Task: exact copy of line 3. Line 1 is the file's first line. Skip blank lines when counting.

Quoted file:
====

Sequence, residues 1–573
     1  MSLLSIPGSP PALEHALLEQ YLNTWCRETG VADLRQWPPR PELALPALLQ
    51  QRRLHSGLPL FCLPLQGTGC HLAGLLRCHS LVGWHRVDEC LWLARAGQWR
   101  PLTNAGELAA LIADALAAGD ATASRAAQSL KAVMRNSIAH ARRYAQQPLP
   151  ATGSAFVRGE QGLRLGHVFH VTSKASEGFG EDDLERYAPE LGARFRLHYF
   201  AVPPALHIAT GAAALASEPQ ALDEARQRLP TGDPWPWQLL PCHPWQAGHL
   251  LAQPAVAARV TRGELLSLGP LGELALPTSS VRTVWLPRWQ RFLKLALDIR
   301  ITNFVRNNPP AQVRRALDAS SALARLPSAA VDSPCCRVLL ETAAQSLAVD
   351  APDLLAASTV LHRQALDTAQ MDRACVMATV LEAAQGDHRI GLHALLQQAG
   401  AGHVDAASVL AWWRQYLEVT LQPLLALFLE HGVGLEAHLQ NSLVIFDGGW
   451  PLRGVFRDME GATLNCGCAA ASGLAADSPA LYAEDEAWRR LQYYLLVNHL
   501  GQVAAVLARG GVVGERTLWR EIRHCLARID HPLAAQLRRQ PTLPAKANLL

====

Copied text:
    51  QRRLHSGLPL FCLPLQGTGC HLAGLLRCHS LVGWHRVDEC LWLARAGQWR